My daughter was chosen for this year’s Long Island String Festival Association Concert. Out of her entire school, she was the only violinist picked for this prestigious honor. She had to wear a white shirt, practice three songs, and perform them with an orchestra in front of a gigantic crowd. I was proud beyond words and watched in awe from the audience.
It wasn’t about being the best or the worst, it was about recognition of her hard work and skill. Olivia demonstrated all the techniques I’ve seen her practice this year and left the event with a sense of pride. She has really come a long way in her ability.
Which is crazy, because she’s a baby.
I mean, technically she’s not a “baby”, I guess. But, between us, she’s a baby. I’ve been around this kid since she was small enough to fit inside a shoe box. When she arrived, she was tiniest human being I’d ever seen and, although pictures tell me otherwise, she’s still that size in my mind.
I used to call her “Little Face” way back then because, well, she had a little face. It looked like someone drew cute tiny facial features on a washed-out orange. I held her like a rare book, with both hands spread open, out of fear that anything tighter would crush her instantly. That’s how small she is.
Was. That’s how small she was. Sorry. I forget.
When you’re a parent, the past, present, and future all get rolled into one. My memories of baby Olivia feel like they happened yesterday. My visions of the future all feature her looking exactly like she does today at ten, only stretched out tall as if she was pressed onto a blob of Silly Putty.
Time, though, does move on. I’ve seen it happen repeatedly over the last decade but keep waiting for the reality to truly settle in. I had the same feeling of “where’s that baby” shock when she did her first dive at Safe-T-Swim. I had it when she came screaming down a basketball court, knocked an opposing player down, and landed a textbook layup. I had it this morning when she called me a “noob” for no reason. Everything this kid does blows me away because everything this kid does is something that a kid does, not a baby. Yet, that’s what I still see when I see her. Ten-year-old baby Olivia.
You have to remember, for the few months her life, my daughter was off the grid. No one knew she existed unless we told them. Up until like a year, we could have changed her name and no one would have minded. Her existence was for us, and us alone, to rejoice in. There were no expectations from teachers or even the slightest hint that she was a real person in the real world. Her hopes and dreams centered around eating mushy cookies and spitting up. Her favorite hobby was rocking back and forth while trying to flip over.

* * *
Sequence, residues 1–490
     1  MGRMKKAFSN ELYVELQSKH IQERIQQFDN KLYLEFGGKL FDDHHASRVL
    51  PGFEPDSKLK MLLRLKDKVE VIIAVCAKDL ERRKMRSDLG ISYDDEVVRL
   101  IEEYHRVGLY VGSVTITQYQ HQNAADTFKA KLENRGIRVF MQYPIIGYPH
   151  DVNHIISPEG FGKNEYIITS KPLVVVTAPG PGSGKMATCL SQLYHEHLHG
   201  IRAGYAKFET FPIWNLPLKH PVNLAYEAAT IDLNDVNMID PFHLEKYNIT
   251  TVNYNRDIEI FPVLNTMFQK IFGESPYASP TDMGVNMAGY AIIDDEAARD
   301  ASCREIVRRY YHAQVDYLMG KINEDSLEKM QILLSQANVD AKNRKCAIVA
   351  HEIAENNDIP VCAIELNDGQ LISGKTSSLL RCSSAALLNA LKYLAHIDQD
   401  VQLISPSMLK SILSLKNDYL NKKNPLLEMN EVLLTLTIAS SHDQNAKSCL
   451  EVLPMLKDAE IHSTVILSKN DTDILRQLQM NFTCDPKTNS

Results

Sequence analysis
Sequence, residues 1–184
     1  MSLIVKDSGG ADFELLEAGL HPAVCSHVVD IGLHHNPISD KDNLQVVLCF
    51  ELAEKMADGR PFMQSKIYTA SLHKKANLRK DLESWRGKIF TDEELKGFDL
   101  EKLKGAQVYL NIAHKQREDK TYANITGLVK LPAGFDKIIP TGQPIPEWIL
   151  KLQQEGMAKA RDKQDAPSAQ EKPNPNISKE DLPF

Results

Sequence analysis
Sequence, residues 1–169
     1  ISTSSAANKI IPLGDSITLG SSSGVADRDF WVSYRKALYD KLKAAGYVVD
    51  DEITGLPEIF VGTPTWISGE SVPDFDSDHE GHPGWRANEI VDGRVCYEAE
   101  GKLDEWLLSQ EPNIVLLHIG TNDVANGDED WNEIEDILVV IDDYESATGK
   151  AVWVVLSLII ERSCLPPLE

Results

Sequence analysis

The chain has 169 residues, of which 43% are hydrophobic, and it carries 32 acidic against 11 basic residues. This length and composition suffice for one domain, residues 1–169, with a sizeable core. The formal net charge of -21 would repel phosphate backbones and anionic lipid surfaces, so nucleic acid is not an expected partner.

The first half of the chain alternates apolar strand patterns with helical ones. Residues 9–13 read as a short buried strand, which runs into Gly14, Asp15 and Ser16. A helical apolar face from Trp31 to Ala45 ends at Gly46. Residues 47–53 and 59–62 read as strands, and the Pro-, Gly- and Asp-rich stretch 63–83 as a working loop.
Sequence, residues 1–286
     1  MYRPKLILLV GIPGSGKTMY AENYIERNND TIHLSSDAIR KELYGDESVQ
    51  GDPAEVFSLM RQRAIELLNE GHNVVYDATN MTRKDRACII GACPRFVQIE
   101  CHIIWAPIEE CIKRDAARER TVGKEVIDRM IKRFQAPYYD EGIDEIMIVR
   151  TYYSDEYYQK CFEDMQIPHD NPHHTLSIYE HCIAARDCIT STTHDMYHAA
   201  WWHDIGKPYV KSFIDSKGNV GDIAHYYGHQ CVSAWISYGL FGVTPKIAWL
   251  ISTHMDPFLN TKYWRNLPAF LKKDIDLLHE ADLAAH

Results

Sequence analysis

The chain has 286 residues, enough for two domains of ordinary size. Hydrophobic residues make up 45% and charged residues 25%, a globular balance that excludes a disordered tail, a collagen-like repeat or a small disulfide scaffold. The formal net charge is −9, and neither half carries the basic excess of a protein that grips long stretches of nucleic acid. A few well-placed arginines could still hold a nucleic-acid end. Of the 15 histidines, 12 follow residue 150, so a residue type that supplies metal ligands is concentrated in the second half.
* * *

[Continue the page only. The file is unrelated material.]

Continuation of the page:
During that time, I’d watch other people’s older children with a defiant sense of doubt. How can my little person ever learn to tie a shoe or dip her French fries in ketchup? She’s just my baby and she always will be.
That partially held true because, today, she’s my shoe-tying, ketchup-dipping baby. The lenses I view her through are exclusive to me. I’m the only one who still sees Little Face up there playing violin. To everyone else, she’s just another fifth grader plucking the strings and doing what’s expected of her.
This mindset says as much about my place in the world as it does hers. For years, I too was a kid. I listened to adults come up to me with exclamations of “Look how big you are!” Older people would remark about my size and the years that had passed since they last saw me. They remembered me when I was “yay high” and still in short pants. As a child, it’s weird to hear, but you hear it all the time. You want to grab cousin Jethro by the face and say, “That was a hundred years ago! I’m a big boy now!”
Well, now I’m cousin Jethro, standing in disbelief that my daughter experiences the passing of time like the rest of the world. I watch from the audience, though the lens of my camera and the lens of my fatherhood and can’t believe what I am seeing.
The irony is that I know this will always be how it is for me. I’m the Dad and I accept that. I’ll sit in stunned silence at her graduations and job promotions. I’ll be shocked at her achievements in life. I’ll ask in confusion how a baby could possibly have a baby of her own. No matter how old she is or how successful she becomes, my brain will always flashback to holding that Little Face in one hand and burping her with the other.
Memories like that never fade. Instead, they stay at the forefront of your mind and come out to play any time she does something a young lady might do. It makes me want to turn to all the other parents at the LISFA concert and scream, “Can you guys believe this?! My baby is playing violin with your ten year olds!”
The funny part is that most of them probably want to tell me the same thing.
This mentality keeps me proud at every turn. No matter how big or small her accomplishments may be, they all blow me away each time. I will always be beaming with pride. Whether it’s her shocking baby violin skills right now or the day she eventually takes the oath to become President Little Face, I’ll be there shaking my head and asking how a baby could do so much.